Cooling grain does not kill insects, it slows them down so that their lifecycle takes a lot longer and they produce fewer eggs. This slows population growth, but don"t be fooled, you will not see any insects in the grain but they will be there. At harvest time they are on the wing looking for fresh grain to colonise. in addition, some will be loaded into the bin from your header where they have been camping since the last time you used it, and others will have already infested some seeds in the paddock.

Cooling grain provides flexibility. It means that you can concentrate on getting the harvest in and doing a good job with that. The insects can wait.

So when should you fumigate? if your grain is at less than 20°C, and you make an effort with silo and equipment hygiene, then you should not need to fumigate for at least eight weeks after harvest. It is, however, important to check regularly. Sample and sieve a few litres of grain from the silo base and peak. If you see insects, then you will need to fumigate. if not, then you can delay fumigating a little longer.

Don"t get caught out by leaving your grain inspection until the day before the truck arrives - fumigation takes time.

If you do decide to fumigate this cool grain, make sure your silo rubber seals are OK, then pressure-test the silo. If the result is poor, use the aeration fan again to pressurise the silo and find the leaky spot with a hand sprayer containing soapy water. When it is well sealed, spread the tablets out on a tray, hang it in the silo headspace, shut the lid and leave it for at least two weeks. Application rate is one and a half tablets per cubic metre of storage capacity or two tablets per tonne (wheat) silo capacity. A 100-tonne wheat capacity silo will always need 200 tablets.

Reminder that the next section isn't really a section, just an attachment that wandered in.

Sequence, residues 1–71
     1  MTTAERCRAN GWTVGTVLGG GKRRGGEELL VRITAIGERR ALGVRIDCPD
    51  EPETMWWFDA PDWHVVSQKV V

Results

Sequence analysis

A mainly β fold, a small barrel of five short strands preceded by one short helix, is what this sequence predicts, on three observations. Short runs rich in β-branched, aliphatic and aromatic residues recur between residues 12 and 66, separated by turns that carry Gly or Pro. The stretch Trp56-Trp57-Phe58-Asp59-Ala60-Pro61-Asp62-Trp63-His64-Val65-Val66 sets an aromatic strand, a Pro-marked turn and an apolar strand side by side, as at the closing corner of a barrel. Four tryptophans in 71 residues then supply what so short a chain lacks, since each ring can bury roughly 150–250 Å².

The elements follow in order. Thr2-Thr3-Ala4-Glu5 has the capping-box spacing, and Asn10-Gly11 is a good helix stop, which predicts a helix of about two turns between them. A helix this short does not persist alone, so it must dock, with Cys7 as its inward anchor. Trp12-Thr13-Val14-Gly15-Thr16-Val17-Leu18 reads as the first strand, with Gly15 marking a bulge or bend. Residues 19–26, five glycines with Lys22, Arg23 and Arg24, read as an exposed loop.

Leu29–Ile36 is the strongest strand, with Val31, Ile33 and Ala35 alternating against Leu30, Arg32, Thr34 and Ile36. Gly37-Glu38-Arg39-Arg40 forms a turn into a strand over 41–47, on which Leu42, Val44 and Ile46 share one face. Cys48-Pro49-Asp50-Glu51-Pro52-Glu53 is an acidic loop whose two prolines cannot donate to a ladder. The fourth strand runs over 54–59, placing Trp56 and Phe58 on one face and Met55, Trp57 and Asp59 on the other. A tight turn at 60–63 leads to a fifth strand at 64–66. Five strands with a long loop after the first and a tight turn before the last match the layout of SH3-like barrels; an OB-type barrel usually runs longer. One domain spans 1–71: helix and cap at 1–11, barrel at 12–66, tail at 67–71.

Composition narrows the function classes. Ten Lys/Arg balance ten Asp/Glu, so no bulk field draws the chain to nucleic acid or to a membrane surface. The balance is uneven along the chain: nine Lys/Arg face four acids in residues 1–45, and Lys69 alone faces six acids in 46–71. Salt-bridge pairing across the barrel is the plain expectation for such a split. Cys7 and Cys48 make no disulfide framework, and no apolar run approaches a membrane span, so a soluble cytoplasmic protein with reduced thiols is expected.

Grain not stored in a sealable silo? Then you will have to move it to a sealed bin to fumigate. Fumigating in an unsealed silo will not result in a successful fumigation that kills all the insect population.

Attention to hygiene and using aeration to cool stored grain are valuable first steps in protecting it from damage and deterioration. remember, however, that cool grain temperatures of around 20°C only slow the insect breeding cycle, and at some stage down the track you may need to fumigate. If you do, effective fumigation time on cool grain is longer, more like 10 to 14 days.

* Pat Collins, Senior Principal Entomologist, Department of Primary Industries and Fisheries, Queensland.

Photo of Greg Daglish and Phil Burrill setting up field trials[Photo: QDPI&F scientists Greg Daglish and Phil Burrill set up field trials to test the efficacy of phosphine in sealed farm bins.]